Are Free Range Eggs Cruelty Free?
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Are Free Range Eggs Cruelty Free?

Are free range eggs really cruelty free? How are eggs produced. What does free range mean? How do free range eggs compare with battery hen eggs? Why do some people consider eggs to be a cruel food item? What happens to male chicks if roosters are not needed to produce eggs? Learn more on the misleading term of free range.

You may have switched to eating free range eggs, but are they really cruelty free?

It is generally agreed that true free range eggs are healthier for you than mass produced battery hen eggs. Additionally many people have switched to eating free range eggs rather than battery farm eggs because they are said to be cruelty free, but is this really true?

Battery hen eggs are most definitely produced in an extremely cruel way. The hens are kept cramped into tiny cages (typically three birds per cage) with nothing to do but lay an egg a day and peck at each other. In some cases the cages are so small that not all birds can lay down at the same time. There are other hidden cruelties in battery hen production, which also occur in the free range industry, and shall be addressed later on.

Free Range can be Misleading

Free range doesn't always mean what people think it means. I keep hens. They have a coop which they are shut up in at night – this keeps them safe from predators, and I know where they are. Around the coop is a fenced area with a gate. This keeps them safe from large predators although a weasel could get in. This enclosed area has grass, rocks, and a roosting place, as well it is where I have their water. Unless for some reason they need to be penned I can let them out, which is what I do most days.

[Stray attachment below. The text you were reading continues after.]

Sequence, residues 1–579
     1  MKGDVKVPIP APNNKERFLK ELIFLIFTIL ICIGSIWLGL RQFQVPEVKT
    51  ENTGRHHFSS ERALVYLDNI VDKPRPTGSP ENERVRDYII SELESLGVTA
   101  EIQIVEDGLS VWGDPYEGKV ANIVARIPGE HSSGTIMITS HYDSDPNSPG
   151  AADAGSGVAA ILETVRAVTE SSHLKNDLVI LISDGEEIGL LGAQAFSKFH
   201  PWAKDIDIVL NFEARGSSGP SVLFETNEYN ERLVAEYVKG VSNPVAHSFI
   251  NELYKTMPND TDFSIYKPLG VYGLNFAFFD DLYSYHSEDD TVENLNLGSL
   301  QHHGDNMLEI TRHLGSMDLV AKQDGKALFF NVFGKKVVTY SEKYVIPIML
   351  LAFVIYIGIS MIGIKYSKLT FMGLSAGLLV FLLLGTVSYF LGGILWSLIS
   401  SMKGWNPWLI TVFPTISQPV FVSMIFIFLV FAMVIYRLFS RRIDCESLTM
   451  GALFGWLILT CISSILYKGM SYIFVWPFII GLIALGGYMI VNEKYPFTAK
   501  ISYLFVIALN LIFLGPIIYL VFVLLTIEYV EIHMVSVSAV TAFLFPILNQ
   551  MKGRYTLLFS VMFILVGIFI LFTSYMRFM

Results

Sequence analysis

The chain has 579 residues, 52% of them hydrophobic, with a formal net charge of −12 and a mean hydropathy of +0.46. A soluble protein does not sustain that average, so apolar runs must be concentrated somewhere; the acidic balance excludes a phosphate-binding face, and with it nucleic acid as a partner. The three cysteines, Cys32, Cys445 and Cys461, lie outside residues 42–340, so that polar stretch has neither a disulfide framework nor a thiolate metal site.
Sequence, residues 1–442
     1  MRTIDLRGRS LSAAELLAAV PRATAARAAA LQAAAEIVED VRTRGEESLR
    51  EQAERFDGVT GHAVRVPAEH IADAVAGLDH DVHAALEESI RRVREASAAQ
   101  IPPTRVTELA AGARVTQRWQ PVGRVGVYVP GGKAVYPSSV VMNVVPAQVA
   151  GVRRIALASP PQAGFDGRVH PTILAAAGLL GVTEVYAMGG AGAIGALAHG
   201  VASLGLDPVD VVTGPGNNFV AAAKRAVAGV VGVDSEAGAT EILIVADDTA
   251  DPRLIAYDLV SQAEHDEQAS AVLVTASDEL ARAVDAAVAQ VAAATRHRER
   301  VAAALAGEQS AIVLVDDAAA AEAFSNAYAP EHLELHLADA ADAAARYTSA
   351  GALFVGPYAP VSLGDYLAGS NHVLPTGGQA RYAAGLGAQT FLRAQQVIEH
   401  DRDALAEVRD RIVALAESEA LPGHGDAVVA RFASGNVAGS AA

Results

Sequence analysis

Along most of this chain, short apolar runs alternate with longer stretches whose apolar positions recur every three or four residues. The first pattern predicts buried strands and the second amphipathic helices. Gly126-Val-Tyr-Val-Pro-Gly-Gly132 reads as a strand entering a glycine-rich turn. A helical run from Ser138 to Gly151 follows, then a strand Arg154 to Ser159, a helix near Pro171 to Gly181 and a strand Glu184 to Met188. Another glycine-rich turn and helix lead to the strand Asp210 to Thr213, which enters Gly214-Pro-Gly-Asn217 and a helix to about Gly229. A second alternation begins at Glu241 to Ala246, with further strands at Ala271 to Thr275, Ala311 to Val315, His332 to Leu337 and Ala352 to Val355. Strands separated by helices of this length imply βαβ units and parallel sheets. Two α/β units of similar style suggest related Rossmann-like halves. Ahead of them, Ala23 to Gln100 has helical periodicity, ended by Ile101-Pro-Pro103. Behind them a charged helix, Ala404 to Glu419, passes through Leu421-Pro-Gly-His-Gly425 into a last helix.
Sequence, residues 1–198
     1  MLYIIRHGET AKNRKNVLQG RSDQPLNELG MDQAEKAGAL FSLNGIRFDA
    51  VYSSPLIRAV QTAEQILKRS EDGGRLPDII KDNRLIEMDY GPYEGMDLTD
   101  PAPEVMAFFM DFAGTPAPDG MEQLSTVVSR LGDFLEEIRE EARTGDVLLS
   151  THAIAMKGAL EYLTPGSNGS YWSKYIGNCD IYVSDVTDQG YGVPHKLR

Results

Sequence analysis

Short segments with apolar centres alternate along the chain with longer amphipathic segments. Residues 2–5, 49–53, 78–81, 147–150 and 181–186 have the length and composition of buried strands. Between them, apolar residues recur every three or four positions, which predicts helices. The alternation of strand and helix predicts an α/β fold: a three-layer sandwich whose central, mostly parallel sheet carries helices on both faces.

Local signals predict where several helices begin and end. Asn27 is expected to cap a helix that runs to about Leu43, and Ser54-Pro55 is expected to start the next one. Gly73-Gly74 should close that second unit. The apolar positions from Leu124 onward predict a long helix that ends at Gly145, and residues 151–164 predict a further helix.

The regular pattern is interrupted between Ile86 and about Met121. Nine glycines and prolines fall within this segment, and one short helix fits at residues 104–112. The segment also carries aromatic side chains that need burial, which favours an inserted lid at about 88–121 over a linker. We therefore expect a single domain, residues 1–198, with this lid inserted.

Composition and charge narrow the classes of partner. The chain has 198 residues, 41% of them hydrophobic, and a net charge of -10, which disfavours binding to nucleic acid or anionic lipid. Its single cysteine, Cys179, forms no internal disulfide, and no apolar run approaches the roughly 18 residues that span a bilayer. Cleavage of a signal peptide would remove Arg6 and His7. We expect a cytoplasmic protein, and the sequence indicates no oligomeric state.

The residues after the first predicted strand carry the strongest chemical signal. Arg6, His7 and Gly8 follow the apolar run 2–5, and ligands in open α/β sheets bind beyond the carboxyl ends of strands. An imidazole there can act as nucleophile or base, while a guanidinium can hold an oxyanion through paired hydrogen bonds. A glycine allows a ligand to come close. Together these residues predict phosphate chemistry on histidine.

free range hens

Authors free range hens and Blackie Sheep

As such my “free range” hens are usually all over my yard, often in the strawberry patch, under the crab apple tree (lots of bugs there), or following the sheep around. They are what most people think of when they think “Free Range”.

In many cases this is not true. Free range does not mean a bird has unlimited access to the outdoors, it may only mean they are not caged in tiny, cramped, cages, and have something to stand on other than wire.

In some cases birds are still caged, in small, open-bottom, pens, that can be moved around in a yard. They have grass under their feet – rather than wire.  In factory farms that claim to be "Free Range" it might only mean that the birds are let out of their cage for a short period of the day, usually into a cement "yard".  To be clear, there is a difference between "free range" and "cage free".

chicken coop

photo source - An alternate Free Range situation

Where is the Cruelty in Real Free Range Eggs?

The cruelty is simple, if you have not figured it out by now. This is the cruelty that exists in both the battery hen situation, and the free range hen situation. Only hens are needed to make eggs.